GENEVA (Reuters) - The United Nations' top human rights body is to consider a resolution on Friday drafted by Britain and the European Union that would condemn Myanmar's military coup and demand urgent access for monitors, a text seen by Reuters shows.
However, diplomats said Human Rights Council members China and Russia - who both have ties to Myanmar's armed forces - are expected to raise objections or try to weaken the text.
Procedural wrangling began on Monday, with Beijing and Moscow raising objections over virtual voting as officials met to plan both the council's four-week session from Feb. 22 and Friday's special session on Myanmar.
The U.N. Security Council last week called for the release of elected leader Aung San Suu Kyi and others detained by the military but stopped short of condemning the coup.
Protesters took to the streets for a fifth day on Wednesday, vowing to keep up demonstrations against the coup even after a woman was shot and critically wounded.
"It's only a matter of time until there is a big-scale confrontation," a U.N. official told Reuters of the protests.
The request by Britain and the EU received formal support from 19 members, including Myanmar's fellow Asian nations Japan and South Korea, at the 47-member forum.
"We have to keep up the pressure," a European diplomat said.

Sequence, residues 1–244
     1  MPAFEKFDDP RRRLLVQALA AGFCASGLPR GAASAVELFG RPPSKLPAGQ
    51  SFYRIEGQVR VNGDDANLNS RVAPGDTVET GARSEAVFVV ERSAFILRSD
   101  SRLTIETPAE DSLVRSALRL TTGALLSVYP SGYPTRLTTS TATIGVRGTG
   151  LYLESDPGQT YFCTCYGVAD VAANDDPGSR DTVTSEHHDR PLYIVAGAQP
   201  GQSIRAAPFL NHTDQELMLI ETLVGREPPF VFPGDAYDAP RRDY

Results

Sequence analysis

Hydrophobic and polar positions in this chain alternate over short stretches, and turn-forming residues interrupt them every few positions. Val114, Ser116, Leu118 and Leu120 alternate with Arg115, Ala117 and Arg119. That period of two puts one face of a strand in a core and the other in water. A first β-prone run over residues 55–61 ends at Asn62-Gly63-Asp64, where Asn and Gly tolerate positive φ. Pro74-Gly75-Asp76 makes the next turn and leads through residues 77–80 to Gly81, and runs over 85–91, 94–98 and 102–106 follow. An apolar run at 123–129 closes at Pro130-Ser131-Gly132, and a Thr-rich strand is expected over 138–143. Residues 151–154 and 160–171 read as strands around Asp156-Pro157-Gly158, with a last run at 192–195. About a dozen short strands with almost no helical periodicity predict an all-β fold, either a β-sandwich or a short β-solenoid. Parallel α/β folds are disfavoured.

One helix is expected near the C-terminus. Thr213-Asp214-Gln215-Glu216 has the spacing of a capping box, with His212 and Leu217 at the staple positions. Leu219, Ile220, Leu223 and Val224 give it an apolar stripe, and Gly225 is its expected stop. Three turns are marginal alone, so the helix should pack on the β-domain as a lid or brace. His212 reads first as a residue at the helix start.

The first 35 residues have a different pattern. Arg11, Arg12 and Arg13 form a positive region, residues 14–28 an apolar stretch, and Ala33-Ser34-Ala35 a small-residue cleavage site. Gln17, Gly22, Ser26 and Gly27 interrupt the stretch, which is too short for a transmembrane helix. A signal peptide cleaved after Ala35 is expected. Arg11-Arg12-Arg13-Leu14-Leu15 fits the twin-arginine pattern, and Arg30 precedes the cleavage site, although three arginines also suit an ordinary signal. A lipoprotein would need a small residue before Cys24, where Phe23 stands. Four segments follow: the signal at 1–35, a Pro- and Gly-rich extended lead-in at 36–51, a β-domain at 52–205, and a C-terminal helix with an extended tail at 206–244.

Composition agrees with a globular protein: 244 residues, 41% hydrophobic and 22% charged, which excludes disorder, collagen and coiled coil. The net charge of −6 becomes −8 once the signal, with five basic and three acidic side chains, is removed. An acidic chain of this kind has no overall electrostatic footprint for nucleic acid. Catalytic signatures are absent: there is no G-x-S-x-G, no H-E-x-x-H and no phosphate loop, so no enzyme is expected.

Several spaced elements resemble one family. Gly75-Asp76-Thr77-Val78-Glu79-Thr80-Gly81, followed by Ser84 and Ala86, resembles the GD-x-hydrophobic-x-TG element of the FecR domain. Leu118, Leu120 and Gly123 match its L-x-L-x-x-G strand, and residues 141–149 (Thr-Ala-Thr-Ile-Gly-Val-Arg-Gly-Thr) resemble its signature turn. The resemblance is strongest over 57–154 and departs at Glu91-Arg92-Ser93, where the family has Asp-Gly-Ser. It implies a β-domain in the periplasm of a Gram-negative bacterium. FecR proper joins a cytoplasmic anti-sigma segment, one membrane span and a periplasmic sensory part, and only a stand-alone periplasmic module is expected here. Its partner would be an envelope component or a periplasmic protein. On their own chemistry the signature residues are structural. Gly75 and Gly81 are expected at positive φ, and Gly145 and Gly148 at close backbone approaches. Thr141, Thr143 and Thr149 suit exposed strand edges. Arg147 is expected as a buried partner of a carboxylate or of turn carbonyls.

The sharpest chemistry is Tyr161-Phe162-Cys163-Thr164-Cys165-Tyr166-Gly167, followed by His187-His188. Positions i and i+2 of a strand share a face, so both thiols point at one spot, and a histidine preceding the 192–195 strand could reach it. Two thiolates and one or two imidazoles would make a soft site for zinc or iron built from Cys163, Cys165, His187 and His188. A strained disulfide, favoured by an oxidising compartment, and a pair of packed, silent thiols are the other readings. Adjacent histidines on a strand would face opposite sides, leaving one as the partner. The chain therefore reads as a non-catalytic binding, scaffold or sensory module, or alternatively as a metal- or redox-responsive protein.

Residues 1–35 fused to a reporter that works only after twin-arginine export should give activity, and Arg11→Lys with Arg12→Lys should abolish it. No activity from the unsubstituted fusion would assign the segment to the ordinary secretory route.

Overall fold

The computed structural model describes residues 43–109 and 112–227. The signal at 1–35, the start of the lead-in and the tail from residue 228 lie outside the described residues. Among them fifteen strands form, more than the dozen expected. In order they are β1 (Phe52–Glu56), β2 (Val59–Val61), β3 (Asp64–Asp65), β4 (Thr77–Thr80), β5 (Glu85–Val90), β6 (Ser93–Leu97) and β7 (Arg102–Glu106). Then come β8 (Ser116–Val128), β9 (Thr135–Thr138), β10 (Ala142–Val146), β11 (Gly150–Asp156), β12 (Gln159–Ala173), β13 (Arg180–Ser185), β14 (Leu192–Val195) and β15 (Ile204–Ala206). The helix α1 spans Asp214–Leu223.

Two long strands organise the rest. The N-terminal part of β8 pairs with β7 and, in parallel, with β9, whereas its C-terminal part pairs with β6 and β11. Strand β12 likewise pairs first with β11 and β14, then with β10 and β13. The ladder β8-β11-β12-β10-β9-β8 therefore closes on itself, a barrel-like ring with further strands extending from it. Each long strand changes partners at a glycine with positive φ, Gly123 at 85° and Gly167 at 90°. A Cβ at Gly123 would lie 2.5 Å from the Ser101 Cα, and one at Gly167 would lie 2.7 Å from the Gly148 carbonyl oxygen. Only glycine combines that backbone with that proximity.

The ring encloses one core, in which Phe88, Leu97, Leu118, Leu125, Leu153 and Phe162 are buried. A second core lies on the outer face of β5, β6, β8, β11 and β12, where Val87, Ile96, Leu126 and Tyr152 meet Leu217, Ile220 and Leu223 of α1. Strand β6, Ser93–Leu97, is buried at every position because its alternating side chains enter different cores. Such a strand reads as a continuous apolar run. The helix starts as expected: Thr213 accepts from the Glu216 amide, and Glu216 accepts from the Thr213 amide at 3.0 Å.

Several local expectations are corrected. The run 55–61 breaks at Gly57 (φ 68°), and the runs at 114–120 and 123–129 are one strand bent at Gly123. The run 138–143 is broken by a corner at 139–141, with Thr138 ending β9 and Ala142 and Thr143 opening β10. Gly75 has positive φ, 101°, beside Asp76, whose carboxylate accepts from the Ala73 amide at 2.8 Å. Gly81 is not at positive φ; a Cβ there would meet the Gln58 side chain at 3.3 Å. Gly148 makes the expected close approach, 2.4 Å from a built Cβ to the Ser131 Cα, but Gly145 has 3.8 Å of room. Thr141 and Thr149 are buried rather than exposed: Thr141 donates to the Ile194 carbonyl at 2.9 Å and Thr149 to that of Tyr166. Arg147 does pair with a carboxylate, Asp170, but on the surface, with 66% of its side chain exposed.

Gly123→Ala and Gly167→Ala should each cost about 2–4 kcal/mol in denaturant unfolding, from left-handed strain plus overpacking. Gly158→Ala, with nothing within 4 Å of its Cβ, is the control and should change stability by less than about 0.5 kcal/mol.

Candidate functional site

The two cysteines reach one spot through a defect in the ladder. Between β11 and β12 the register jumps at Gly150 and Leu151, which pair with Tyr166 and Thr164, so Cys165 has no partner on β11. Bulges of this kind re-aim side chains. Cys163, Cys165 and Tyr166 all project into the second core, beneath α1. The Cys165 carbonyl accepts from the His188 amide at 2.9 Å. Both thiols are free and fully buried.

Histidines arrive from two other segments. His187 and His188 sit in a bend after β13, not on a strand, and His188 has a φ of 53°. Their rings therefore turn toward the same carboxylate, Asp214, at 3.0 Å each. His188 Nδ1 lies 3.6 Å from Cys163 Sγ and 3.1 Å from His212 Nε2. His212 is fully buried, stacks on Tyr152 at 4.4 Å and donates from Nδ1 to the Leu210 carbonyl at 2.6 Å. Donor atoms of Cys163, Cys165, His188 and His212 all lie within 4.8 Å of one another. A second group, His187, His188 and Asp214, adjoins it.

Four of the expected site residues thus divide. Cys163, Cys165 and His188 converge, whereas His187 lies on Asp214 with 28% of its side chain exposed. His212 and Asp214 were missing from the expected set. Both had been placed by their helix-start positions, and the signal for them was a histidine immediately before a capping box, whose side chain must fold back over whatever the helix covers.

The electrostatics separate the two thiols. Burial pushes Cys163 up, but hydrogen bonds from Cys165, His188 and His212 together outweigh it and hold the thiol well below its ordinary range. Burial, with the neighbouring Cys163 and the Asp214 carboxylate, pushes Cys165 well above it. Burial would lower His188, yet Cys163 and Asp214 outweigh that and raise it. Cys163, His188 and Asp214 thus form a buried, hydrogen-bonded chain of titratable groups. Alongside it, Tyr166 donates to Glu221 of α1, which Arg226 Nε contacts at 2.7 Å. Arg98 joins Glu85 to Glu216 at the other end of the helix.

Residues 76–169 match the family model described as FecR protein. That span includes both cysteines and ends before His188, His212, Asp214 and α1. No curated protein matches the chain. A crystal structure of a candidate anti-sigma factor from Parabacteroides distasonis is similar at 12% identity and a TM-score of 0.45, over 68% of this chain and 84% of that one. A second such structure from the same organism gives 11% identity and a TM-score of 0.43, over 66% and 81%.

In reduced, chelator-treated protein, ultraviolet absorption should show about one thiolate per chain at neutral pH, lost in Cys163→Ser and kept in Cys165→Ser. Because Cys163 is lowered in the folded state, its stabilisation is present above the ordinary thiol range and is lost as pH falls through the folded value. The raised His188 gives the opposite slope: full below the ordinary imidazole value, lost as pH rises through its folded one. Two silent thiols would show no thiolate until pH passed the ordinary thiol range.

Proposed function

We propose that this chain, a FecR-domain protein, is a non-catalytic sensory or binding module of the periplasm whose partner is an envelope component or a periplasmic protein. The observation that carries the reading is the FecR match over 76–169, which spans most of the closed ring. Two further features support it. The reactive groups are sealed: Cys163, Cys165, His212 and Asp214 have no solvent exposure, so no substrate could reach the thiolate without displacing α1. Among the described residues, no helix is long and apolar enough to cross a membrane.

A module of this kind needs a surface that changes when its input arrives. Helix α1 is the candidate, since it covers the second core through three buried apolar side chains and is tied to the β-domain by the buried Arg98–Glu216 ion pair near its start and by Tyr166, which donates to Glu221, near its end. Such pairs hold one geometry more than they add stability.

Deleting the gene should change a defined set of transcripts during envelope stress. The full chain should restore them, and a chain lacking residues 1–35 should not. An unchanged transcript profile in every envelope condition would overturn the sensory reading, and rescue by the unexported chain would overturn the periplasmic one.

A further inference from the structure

The United States, which backed convening Friday's session, is imposing new sanctions on those behind the coup and any linked entities.
The draft resolution condemns the ousting of the civilian government and calls for its restoration and the unconditional release of those "arbitrarily detained". It urges the military to refrain from using violence against peaceful protesters, while ensuring freedom of expression and an open internet.
Thomas Andrews, the U.N. investigator on human rights in Myanmar, should be granted urgent, unrestricted access, it says.
Andrews, in a statement on Wednesday, said security forces and police have a duty to refrain from using excessive force against peaceful demonstrators and that "following orders is no defence for committing atrocities".
(Reporting by Stephanie Nebehay; Additional reporting by Simon Lewis in Washington; Editing by Alex Richardson and Andrew Cawthorne)